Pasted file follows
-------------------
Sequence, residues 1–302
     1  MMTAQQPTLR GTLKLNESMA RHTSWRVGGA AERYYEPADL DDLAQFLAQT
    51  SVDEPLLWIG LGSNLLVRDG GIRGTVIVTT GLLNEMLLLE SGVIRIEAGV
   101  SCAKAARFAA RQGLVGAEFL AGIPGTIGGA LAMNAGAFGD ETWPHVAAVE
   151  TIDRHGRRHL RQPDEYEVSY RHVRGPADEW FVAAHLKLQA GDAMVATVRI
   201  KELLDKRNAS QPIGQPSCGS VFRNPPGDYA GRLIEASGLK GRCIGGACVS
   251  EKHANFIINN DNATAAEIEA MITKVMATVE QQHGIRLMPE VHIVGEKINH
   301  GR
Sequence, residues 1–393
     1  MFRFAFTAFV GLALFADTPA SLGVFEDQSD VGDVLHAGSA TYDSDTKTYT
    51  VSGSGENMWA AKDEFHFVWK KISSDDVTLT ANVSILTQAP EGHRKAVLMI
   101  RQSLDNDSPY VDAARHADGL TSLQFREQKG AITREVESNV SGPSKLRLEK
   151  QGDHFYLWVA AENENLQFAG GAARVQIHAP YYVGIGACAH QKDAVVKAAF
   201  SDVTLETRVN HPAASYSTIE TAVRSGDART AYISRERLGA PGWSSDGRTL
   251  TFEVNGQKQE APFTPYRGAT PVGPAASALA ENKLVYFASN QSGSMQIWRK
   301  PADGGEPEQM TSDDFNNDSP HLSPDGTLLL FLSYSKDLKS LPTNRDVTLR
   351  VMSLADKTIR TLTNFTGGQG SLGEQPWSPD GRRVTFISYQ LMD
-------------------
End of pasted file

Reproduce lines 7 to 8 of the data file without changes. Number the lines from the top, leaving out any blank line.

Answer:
   251  EKHANFIINN DNATAAEIEA MITKVMATVE QQHGIRLMPE VHIVGEKINH
   301  GR